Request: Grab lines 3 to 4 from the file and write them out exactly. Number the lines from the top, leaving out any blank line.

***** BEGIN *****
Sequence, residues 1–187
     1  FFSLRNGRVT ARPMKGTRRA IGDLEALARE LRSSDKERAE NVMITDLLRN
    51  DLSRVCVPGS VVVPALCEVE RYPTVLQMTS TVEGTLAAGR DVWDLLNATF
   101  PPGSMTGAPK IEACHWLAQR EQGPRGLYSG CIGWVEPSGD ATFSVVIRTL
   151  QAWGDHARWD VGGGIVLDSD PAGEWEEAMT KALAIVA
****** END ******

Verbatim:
    51  DLSRVCVPGS VVVPALCEVE RYPTVLQMTS TVEGTLAAGR DVWDLLNATF
   101  PPGSMTGAPK IEACHWLAQR EQGPRGLYSG CIGWVEPSGD ATFSVVIRTL